“Lenders realize that the New York City market needs more rental units. Plus, with such great demand to rent these units, landlords can boost rents,” adds Singer.

In June, Singer arranged a $100 million construction loan on 67 Wall Street. The 25-story, 325,000 sq. ft. Lower Manhattan office building will be converted into 211 rental units with ground-floor retail space. The owners of 67 Wall Street, private investors Nathan Berman and Ronny Bruckner, expect this apartment conversion to be completed early next year.

“Condo lenders are really scrutinizing these deals before they commit any capital,” says Steve Kohn, president of Manhattan-based Sonnenblick-Goldman. But there is still money for experienced and well-capitalized players. “They want to see a condo converter with a solid track record, and they also want the borrower to have liquidity in case something goes wrong.”

Mezzanine debt, which enables borrowers to finance nearly the entire deal through high interest-rate loans, is still readily available. Singer of Singer & Bassuk says that the super-competitive market to place mezzanine debt is masking larger changes in condo underwriting, too. But he believes that lenders have noticed and begun to worry about what he calls an “endless supply” of new condo units that have been developed in the city.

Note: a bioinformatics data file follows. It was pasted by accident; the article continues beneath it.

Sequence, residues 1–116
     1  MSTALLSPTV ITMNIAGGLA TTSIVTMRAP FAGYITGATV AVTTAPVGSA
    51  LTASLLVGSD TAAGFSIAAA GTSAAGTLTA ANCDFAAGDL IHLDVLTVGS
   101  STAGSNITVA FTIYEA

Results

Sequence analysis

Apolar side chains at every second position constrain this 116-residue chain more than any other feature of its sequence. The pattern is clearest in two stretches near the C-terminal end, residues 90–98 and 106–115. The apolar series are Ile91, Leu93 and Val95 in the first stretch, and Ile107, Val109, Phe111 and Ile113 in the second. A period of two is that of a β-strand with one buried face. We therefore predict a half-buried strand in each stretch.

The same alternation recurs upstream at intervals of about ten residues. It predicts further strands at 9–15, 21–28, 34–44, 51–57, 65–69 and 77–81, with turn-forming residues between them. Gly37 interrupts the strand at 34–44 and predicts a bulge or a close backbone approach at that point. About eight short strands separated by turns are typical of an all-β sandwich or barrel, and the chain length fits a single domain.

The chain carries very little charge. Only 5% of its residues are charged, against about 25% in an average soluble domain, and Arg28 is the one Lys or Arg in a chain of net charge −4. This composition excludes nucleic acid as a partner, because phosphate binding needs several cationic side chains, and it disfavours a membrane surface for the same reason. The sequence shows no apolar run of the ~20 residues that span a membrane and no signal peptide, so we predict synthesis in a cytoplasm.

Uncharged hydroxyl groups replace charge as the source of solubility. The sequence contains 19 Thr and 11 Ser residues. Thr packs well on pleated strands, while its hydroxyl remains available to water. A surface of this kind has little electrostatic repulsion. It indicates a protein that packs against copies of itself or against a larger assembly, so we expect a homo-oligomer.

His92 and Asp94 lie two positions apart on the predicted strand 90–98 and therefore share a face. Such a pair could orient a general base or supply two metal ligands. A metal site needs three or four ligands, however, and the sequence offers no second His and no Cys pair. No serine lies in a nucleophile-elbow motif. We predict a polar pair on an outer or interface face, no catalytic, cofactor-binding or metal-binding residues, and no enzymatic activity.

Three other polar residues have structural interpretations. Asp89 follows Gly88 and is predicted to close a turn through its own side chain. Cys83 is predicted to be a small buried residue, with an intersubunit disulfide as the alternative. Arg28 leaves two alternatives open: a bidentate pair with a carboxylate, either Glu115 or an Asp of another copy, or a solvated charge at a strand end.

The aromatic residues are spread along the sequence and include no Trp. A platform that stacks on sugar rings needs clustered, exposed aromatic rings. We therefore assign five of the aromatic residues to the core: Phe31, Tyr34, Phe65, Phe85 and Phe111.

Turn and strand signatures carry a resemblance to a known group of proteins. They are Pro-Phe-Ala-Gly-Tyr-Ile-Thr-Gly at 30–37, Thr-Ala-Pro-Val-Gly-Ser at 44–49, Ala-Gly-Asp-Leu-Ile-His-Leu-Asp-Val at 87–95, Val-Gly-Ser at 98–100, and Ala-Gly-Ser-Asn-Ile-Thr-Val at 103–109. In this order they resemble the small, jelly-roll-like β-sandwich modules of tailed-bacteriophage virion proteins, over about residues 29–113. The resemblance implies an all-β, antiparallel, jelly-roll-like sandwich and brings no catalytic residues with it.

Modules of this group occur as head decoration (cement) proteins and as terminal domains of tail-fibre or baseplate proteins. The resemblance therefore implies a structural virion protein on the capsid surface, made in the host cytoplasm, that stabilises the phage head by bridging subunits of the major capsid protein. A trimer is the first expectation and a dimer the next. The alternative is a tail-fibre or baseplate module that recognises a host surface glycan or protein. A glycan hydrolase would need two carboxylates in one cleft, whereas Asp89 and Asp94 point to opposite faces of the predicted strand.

Supply isn't the only problem. Rising mortgage rates, which make it harder for condo buyers to afford units, may also be souring demand. According to Freddie Mac, the interest rate on a 30-year mortgage was 6.78% at mid-year, up from 6.35% at the end of 2005. It's the same story for the one-year adjustable rate mortgage (ARM), which increased 60 basis points to hit 6.35% at mid-year.

“The next few years will continue to see modest growth in New York City apartment rents,” says Sam Chandan, chief economist at research firm Reis Inc. “But if lenders believe that condos will appreciate by 20% every quarter, you can bet they'll keep financing them.”
— Parke M. Chapman